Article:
Based on the best-selling novel by Bonnie Jo Campbell, ‘Once Upon a River‘ could easily be described as a less gritty ‘Winter’s Bone‘. Haroula Rose directs Kenadi DelaCerna as a young woman in search of her estranged mother. This dramatic tale about facing your fears, your past and choosing your own family and destiny in life is something that’ll touch a lot of viewers.
The barely talkative 15-year-old Margo Crane (DelaCerna) hasn’t had the easiest childhood. It’s the late 1970s in rural Michigan, and this young Indigenous girl is growing up fast, too fast. Living with her dad, she’s learned how to hunt for food and stay out of trouble, but after a series of horrific tragedies, she sets out in search of herself on the Stark River, meeting characters along the way that’ll help her find her own path in life.
The film starts off strong, menacing in a way. Margo lives in a hostile environment, where white privilege and power abuse seem like the most normal thing. As soon as she flees that prison and connects with the freedom of nature, the film gets a more amicable vibe turning the story in a touching coming-of-age story.
There’s a few particular scenes that are severely troubling, especially when you keep Margo’s age in mind. Drugs, sexual abuse and manipulation take turns, until she finds peace with an elderly sick man called Smoke (John Ashton – ‘Gone Baby Gone‘), who slowly but surely becomes her best friend. It’s mainly this on screen friendship that tugs at your heartstrings. DelaCerna and Ashton are the highlights in this already strong ensemble, both portraying their characters with professional finesse. This has to do with the look in their eyes. The age difference between the two is visible, but where Smoke is an actual man of age, Margo gives off an overpowering old-soul-vibe.
Rose’s directorial feature debut isn’t your typical coming-of-age story, nor is it your typical drama. She borrows bits and pieces from each sub-genre, while creating her own authentic fearless story. The scenery, set design and gorgeous cinematography are of a certain quality, that makes ‘Once Upon a River‘ memorable and atmospheric. Rural Michigan looks a lot more inviting than it has any right to be.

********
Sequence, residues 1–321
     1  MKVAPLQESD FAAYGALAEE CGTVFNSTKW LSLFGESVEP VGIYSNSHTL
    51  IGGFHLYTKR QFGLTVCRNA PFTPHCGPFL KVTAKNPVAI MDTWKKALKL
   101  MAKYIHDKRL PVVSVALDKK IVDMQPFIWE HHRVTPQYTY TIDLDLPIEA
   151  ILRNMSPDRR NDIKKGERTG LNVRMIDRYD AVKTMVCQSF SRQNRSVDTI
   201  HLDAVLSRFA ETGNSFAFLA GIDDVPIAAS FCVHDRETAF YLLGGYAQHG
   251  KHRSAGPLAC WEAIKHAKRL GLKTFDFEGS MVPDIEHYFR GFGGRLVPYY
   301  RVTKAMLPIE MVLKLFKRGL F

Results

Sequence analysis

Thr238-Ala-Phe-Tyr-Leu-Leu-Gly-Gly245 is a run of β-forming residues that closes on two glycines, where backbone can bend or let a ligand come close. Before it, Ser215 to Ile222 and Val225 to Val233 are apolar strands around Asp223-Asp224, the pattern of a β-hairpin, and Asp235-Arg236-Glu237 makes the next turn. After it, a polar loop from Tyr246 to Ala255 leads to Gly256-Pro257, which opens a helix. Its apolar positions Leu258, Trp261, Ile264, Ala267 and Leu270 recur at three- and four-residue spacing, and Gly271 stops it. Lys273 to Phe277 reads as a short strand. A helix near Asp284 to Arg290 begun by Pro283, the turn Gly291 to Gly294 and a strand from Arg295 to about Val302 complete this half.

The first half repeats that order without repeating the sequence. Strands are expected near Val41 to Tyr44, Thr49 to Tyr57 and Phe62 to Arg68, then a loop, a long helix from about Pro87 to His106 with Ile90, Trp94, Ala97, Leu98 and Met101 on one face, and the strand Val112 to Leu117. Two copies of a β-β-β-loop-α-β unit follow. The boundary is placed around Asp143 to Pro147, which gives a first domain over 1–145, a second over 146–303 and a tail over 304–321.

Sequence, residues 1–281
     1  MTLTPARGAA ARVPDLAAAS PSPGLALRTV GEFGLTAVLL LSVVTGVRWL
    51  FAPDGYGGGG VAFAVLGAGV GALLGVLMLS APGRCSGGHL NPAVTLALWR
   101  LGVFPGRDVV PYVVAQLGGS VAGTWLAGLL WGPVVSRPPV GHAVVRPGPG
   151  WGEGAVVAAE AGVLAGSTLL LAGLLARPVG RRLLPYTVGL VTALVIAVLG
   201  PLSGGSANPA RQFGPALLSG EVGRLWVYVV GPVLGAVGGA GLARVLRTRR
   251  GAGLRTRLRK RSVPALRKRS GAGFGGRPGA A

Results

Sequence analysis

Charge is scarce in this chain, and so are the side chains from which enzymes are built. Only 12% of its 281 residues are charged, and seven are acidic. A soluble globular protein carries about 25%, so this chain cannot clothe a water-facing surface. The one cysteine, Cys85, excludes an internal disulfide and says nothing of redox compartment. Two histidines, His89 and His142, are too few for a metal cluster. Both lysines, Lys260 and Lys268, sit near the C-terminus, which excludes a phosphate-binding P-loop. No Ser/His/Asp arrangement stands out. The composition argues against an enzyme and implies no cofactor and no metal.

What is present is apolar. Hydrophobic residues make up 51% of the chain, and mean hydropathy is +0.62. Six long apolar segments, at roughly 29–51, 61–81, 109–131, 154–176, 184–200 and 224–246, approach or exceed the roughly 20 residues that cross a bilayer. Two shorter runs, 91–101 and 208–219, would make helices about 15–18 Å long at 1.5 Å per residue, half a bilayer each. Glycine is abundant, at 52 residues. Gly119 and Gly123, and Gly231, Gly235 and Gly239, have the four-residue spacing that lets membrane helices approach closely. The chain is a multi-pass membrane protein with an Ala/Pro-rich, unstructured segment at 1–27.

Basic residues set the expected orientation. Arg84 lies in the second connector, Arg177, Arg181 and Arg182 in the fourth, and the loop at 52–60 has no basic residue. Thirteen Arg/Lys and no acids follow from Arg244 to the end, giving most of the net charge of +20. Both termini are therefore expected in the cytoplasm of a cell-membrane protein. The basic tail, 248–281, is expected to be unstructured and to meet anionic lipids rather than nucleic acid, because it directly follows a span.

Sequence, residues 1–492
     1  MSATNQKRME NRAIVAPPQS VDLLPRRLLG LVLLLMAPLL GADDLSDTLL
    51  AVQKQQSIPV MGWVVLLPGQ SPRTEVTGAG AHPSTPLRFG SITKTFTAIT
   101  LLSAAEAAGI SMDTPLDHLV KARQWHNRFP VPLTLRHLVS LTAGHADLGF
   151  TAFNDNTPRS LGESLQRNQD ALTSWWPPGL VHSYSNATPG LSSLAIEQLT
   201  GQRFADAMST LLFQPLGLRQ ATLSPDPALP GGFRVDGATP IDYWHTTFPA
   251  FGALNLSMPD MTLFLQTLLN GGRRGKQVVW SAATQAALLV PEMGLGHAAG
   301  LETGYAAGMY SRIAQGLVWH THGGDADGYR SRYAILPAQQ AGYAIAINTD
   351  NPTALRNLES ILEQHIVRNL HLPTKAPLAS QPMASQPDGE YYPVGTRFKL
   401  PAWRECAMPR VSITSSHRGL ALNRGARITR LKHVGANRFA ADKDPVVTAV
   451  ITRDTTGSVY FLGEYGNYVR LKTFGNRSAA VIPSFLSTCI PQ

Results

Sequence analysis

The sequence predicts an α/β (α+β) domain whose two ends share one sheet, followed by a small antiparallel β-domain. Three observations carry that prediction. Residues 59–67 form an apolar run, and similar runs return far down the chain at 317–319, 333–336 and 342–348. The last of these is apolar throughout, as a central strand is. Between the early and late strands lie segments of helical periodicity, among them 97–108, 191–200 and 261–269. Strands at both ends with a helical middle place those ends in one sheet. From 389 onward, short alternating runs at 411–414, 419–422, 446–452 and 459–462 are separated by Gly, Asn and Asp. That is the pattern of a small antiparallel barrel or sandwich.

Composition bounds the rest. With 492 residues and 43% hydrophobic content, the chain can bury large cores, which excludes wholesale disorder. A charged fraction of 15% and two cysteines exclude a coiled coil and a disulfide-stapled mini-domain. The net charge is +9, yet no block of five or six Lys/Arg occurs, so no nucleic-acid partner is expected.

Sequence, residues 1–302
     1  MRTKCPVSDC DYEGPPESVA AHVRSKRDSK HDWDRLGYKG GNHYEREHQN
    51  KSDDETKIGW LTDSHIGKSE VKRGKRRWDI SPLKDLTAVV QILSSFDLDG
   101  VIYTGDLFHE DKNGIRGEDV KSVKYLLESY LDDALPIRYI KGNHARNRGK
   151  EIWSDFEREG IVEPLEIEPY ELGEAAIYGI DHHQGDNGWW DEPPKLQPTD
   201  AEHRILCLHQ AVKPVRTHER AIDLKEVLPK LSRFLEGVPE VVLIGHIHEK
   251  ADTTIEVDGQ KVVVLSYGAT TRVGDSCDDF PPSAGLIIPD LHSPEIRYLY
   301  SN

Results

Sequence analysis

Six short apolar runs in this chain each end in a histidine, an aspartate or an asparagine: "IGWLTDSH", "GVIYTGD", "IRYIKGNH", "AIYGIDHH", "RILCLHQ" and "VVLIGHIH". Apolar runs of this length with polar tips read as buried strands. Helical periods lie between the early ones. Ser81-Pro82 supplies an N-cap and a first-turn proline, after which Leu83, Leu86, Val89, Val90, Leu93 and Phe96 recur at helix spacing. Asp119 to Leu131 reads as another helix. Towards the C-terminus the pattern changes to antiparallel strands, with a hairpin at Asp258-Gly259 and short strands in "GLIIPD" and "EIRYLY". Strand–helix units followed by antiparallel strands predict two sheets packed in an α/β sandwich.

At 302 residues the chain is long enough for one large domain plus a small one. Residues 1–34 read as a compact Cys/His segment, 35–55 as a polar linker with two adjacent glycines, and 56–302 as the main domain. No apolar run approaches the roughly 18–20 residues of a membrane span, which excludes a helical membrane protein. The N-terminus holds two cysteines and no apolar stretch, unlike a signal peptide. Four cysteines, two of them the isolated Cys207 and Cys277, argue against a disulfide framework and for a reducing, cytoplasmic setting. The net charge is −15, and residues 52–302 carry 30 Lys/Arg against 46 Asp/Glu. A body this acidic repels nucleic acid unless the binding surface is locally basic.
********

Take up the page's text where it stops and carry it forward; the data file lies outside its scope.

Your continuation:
‘Once Upon a River‘ takes its time to step away from formulaic genre tropes, with a profoundly tender performance by breakthrough star Kenadi DelaCerna as the cherry on top. Never overwhelming in balancing modesty and grace, ‘Once Upon a River‘ takes us on a quietly-powerful journey inwards.
In Virtual Cinemas Beginning October 2, 2020
Review – ‘Once Upon A River’
Reviewed online (screener provided by publicist), September 28, 2020. Rating: TBC. Running time: 92 min.
PRODUCTION: A Film Movement release of a Chicago Media Angels, Thirty Tigers, Neon Heart Productions, Shawnee Lane production in association with River Run Films. Producers: Jacqueline “JJ” Ingram, Haroula Rose, Grace Hahn. Executive producer: Susan Berghoef, Julian West, David Macias, Ted Reilly, Kelly Aisthorpe Waller, Rhianon Jones, Sam Bisbee, Ian Keiser, Heather Rae.
CREW: Director/screenplay: Haroula Rose (based on the novel by Bonnie Jo Campbell). Editing: Sofi Marshall, Steven Lambiase. Cinematography: Charlotte Hornsby. Score: Zac Rae.
WITH: Kenadi DelaCerna, Tatanka Means, Coburn Goss, Sam Straley, Josephine Decker, Arie Thompson, Dominic Bogart, Lindsay Pulsipher, Ajuawak Kapashesit, John Ashton, Kenn E. Head.
COVER PHOTO: Kenadi DelaCerna as Margo Crane.
Once Upon A River arrives in virtual cinemas beginning October 2, 2020 from Film Movement.
CREDIT: Daniel Klutznick